Recollections and reflections — a seasoned reporter’s view of aviation history
“The aircrew returned to Woodford to find all five Shackletons painted with red noses. Back at Lossiemouth, not everyone could see the joke”
Being southern-born — I’ve never lived north of the Cambridgeshire fens — I must admit to having visited the old Avro aerodrome and factory at Woodford, Cheshire just three times. Each, though, was memorable in its own way.
The first was on 9 March 1989, the 40th anniversary to the day of the Avro Shackleton’s maiden flight from Woodford. To mark the occasion, No 8 Squadron flew five of its Shackleton AEW2s from Lossiemouth to the Cheshire airfield. The weather was memorably bad and the aircraft had to route individually until joining up over the Irish Sea before making flypasts over Liverpool Airport, Warton, Manchester Airport and going in to Woodford. Following an evening’s celebrations in the Manchester Museum of Science and Industry, watched over by resident WR960, the aircrew returned to Woodford the following morning to find that all five Shackletons had been painted with red noses, this in honour of Red Nose Day on 10 March. It is said that, on return to Lossiemouth, not everyone on No 8 Squadron could see the joke.
As an aside, RAF Tristar K1 ZD951 of No 216 Squadron, detached to Riyadh’s King Khalid Airport in the aftermath of the Gulf War, also received a red nose in March 1991 to mark the same important annual event. It is probably fair to say that this gesture went largely unnoticed in the kingdom, as the concept of Red Nose Day had yet to become widely accepted in Saudi culture.
My second trip to Woodford was on 11 March 2010, when BAE Systems’ Nimrod MRA4 had been declared ‘ready to train’ and production aircraft PA04, serial ZJ514, was delivered to Warton. This was clearly an event of huge significance and workers turned out in their hundreds to see the aircraft take off, never to return. In August that year, the RAF was to start instructor training on the MRA4, and finally the type was moving towards front-line service. Yet, just seven months later, the whole project was cancelled in the coalition government’s Strategic Defence and Security Review and every airframe was unceremoniously chopped up, all but ZJ514 on site at Woodford, and behind hastily erected barriers of plastic sheeting to avoid public gaze.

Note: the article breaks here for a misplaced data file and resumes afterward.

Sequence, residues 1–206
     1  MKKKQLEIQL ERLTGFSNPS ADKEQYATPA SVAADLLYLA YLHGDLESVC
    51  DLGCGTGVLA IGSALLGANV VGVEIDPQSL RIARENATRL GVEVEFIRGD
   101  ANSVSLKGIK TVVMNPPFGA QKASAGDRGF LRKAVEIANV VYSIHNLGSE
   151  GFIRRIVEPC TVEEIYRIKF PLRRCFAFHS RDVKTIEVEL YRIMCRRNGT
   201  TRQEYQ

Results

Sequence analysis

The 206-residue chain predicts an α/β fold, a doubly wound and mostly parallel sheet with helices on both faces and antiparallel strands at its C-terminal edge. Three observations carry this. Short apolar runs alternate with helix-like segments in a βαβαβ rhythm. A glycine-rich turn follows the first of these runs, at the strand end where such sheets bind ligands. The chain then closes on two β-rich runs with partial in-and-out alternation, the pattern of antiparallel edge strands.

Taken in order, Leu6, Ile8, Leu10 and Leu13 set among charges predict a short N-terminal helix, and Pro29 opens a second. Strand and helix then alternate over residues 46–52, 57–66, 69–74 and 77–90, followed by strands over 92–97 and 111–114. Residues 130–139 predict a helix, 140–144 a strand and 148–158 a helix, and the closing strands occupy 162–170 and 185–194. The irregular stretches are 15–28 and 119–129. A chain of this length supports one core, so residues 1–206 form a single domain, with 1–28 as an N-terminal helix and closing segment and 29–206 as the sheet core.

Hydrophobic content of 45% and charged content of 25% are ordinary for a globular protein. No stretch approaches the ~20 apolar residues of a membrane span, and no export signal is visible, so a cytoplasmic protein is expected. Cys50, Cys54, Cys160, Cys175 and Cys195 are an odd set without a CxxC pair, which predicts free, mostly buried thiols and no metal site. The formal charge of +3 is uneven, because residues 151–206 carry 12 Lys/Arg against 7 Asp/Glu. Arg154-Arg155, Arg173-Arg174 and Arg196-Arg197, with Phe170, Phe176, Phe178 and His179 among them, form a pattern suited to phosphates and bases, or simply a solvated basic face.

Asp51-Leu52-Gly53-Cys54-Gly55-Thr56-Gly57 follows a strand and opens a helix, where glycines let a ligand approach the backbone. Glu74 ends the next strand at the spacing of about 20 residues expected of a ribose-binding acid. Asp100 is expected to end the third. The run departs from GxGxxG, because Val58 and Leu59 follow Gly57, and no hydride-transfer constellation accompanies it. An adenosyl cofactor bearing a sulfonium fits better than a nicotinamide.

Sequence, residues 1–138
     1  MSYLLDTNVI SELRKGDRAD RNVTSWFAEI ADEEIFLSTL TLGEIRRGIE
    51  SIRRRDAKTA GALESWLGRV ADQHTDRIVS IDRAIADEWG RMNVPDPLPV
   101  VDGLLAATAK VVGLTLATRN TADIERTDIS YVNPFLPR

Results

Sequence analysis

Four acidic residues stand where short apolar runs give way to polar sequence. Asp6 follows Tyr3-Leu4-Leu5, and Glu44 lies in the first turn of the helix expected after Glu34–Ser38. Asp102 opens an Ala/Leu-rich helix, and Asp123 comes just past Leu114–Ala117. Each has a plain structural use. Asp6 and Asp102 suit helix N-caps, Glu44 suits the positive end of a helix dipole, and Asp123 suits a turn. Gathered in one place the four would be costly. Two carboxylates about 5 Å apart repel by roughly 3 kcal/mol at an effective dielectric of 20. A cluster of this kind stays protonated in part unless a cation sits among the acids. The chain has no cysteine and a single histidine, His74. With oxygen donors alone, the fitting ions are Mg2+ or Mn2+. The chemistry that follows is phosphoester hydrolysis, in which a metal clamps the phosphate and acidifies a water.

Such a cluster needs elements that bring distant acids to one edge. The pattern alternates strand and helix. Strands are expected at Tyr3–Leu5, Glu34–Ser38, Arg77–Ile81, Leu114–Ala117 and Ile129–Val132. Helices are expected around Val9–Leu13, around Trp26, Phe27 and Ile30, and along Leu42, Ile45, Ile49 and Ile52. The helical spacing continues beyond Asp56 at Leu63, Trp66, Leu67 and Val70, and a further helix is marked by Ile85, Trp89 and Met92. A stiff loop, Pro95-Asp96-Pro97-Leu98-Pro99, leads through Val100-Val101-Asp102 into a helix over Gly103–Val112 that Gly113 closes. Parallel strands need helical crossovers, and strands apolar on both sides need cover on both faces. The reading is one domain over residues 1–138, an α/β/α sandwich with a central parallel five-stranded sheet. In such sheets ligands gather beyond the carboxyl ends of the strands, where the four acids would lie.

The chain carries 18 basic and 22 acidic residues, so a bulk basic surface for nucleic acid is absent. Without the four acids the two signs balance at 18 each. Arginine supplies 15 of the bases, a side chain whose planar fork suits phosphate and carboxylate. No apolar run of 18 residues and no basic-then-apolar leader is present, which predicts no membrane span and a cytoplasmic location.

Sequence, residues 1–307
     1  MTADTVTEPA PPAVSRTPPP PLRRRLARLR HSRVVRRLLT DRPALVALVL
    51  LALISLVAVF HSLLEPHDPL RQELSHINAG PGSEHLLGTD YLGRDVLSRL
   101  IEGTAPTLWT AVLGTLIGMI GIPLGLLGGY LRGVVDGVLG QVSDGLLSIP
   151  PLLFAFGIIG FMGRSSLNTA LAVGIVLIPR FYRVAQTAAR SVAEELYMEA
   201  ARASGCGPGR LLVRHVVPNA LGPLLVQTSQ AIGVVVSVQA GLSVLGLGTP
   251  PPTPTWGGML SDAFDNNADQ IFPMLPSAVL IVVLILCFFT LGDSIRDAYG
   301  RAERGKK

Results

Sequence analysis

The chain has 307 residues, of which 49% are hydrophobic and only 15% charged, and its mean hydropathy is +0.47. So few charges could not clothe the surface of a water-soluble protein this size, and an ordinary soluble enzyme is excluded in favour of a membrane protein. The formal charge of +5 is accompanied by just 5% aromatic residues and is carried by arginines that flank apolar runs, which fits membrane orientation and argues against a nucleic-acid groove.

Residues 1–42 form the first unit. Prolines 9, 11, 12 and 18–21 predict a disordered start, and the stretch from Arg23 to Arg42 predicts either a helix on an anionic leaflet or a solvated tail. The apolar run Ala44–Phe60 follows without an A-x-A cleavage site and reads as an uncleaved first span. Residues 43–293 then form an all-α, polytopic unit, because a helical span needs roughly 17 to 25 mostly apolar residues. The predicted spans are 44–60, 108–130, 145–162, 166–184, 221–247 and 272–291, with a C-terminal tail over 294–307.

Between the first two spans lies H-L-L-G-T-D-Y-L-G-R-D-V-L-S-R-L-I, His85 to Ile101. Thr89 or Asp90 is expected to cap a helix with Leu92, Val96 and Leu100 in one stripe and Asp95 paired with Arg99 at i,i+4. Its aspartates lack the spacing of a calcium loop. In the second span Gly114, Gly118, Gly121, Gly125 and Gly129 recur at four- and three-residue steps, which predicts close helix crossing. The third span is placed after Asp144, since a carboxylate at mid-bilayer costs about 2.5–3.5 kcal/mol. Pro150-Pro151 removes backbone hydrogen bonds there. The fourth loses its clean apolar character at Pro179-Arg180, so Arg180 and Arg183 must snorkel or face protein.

Despite the programme’s slippages and cost over-runs, it all seemed such a waste. And as for the plastic barriers, which the newshounds circumvented by hiring a helicopter and shooting the carnage from the air, just a bit silly.
In January this year, meanwhile, I had cause to go to the new Avro Heritage Museum. Woodford has long since ceased any airfield activities, the whole site having been sold in 2011 for housing.
In the midst of all the redevelopment and building work sits the museum, housed in what was once the old airfield fire station but now rebuilt to provide facilities that would surely be the envy of any similar organisation. My visit was to the archives where, in search of material on the Vulcan, I was given every assistance during a most worthwhile and enjoyable day.
Parked outdoors in a compound behind the museum and now gloriously restored to pristine external condition is the long-time Woodford resident Vulcan B2 XM603, resplendent in anti-flash white.
Within the building is the nose of camouflaged B2 XM602, still with a complete cockpit which is opened to public view. Other notable Woodford programmes — Anson, Lancaster, 748, Nimrod and so on — are represented by nose sections. The museum opened its doors to the public in November 2015. It is well worth a visit.